Keeping up with the roofing industry is key to offering the best quality service you can to your customers. But beyond trends and short-term changes, investing in roofing education and training for your team members is a great way to stay ahead of the game. When you dedicate time to training, you can keep your team involved with new products and resources as well as anticipate and prevent problems. You can also boost your reputation in your area by driving your installations to have the quality workmanship Elevate Red Shield Contractors are known for.
We spoke with Alain Gonzalez, vice president at Isaacs Roofing in Palmetto Bay, Florida, to get his take on the value of proactive education. In business for over 20 years, Isaacs Roofing is a family-owned business that values quality and takes pride in a robust approach to training and development. Let’s see how Gonzalez approaches training, makes it valuable for his employees, and why he encourages others in the industry to make training a top priority.
Gonzalez began his career in the roofing industry as a roofer, moving up throughout his life to his current position today. Gonzalez’s uncle, owner of Isaacs Roofing, always impressed the value of quality upon his teams, emphasizing that the entire company must be unified under this same approach. Quality comes through experience and training, and that’s why Isaacs Roofing continues to prioritize education as a necessary part of their business.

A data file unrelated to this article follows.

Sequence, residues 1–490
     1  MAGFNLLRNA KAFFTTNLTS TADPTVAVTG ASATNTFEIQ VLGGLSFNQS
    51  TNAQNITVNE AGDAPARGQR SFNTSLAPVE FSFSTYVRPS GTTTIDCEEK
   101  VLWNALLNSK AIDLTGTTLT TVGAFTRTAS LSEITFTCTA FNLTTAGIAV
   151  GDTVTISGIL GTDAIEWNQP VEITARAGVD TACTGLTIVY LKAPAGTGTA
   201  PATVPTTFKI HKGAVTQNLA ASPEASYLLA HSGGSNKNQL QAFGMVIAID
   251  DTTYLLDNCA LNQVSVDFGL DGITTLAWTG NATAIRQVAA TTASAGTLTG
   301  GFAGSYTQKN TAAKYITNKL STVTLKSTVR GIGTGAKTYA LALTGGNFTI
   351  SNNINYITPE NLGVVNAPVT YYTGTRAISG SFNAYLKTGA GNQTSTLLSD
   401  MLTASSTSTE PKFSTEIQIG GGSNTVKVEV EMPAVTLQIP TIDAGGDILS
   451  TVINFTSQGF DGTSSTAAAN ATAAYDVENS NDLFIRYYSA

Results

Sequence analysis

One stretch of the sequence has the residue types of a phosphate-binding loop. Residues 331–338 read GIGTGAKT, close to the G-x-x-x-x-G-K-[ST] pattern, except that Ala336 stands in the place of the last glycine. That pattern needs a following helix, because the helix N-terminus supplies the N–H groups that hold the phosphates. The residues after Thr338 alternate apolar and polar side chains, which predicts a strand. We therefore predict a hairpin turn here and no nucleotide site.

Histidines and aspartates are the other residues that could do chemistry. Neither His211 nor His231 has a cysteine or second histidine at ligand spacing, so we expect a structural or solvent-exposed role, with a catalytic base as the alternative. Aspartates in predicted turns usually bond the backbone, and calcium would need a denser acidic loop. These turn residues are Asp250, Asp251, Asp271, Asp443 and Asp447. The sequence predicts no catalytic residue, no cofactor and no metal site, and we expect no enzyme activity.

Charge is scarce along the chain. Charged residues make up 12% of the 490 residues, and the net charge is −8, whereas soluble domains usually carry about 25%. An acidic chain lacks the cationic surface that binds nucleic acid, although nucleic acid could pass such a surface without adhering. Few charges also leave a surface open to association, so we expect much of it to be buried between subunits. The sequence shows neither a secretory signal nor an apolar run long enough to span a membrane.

At Isaacs Roofing, training is simply part of each team member’s job description. It’s part of the team’s monthly cadence, and Gonzalez places it high on his priority list. “We focus on quality and production speed,” he says. “We hold multiple types of training throughout the year, covering topics from safety and production to new techniques and products.”
For example, when he is in the process of vetting a new piece of equipment Gonzalez and his project managers will first receive training from a manufacturer representative. Then, the information will be passed along in a series of training sessions to the teams out in the field. “When we take on new products or technologies, we don’t look back,” says Gonzalez. “We’re committed to what we decide to train because we have to make the best of our training time.”
When it comes to ensuring training practices are implemented, Isaacs Roofing assigns a non-working quality assurance team member to every project. Gonzalez notes their role is to make sure the quality is on point and that every technique is being put into practice. Unique to Isaacs Roofing, this investment in quality helps hold team members accountable to what they’ve learned during training.
Gonzalez is constantly looking forward, asking what will give his company a competitive edge and allow him to produce better quality roofs at a faster pace. These findings inform his training goals. “No one source covers everything,” he says. “We have to source from different parties to achieve our goals.”